The information from the various sources frequently matched, providing corroboration of the use of specific procedures, which included prolonged sleep deprivation and shackling prisoners in uncomfortable positions for many hours. One F.B.I. agent wrote his superiors that he saw such restraining techniques several times. In the most gruesome of the bureau memorandums, he recounted observing a detainee who had been shackled overnight in a hot cell, soiled himself and pulled out tufts of hair in misery.
Military officials who participated in the practices said in October that prisoners had been tormented by being chained to a low chair for hours with bright flashing lights in their eyes and audio tapes played loudly next to their ears, including songs by Lil’ Kim and Rage Against the Machine and rap performances by Eminem.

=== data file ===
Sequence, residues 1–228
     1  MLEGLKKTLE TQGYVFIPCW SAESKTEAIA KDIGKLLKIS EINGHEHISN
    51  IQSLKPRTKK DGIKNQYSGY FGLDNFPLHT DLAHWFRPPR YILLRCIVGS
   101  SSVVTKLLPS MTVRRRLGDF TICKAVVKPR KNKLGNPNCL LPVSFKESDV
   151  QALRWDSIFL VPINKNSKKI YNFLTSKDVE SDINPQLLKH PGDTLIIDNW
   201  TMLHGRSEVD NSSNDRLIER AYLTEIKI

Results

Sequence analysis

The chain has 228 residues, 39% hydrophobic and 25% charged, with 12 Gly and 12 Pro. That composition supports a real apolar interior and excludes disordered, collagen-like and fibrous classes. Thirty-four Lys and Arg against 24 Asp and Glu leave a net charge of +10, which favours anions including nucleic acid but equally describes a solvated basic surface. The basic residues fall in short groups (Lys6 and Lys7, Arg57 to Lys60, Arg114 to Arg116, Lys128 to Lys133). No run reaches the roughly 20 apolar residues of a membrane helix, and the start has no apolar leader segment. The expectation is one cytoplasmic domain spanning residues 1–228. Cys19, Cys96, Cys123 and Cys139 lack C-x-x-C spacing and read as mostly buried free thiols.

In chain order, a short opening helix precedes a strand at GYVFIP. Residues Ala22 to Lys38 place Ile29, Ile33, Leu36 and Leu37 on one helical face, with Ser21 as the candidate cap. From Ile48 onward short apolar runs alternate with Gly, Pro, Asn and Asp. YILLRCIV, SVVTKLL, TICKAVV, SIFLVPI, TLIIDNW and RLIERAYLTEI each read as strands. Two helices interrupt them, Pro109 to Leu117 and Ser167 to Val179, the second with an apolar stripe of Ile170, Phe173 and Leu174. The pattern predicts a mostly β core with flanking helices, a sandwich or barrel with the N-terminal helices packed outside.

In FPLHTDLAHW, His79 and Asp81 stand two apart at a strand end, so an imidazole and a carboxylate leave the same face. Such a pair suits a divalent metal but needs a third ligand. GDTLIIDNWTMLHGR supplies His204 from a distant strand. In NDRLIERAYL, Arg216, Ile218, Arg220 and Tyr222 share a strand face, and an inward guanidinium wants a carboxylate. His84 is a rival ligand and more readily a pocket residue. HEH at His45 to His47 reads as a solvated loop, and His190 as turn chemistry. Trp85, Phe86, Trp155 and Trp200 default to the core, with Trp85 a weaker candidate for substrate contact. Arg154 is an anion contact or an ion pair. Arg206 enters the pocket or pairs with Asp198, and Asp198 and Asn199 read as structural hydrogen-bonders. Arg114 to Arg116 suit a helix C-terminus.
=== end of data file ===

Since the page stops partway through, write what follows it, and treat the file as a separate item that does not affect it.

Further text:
In a recent interview, another former official added new details, saying that many interrogators used a different audio tape on prisoners, a mix of babies crying and the television commercial for Meow Mix in which the jingle consists of repetition of the word “meow.”
The people who spoke about what they saw or whose duties made them aware of what was occurring said they had different reasons for granting interviews. Some said they objected to the methods, others said they objected to what they regarded as a chaotic and badly run system, while others offered no reason. They all declined to be identified by name, some saying they feared retaliation.
Lt. Col. Leon H. Sumpter, the spokesman for the military command at Guantuanamo, said in a statement that officials would not comment on accusations about the treatment of any individual detainee including Mr. Kahtani, who was captured in Afghanistan.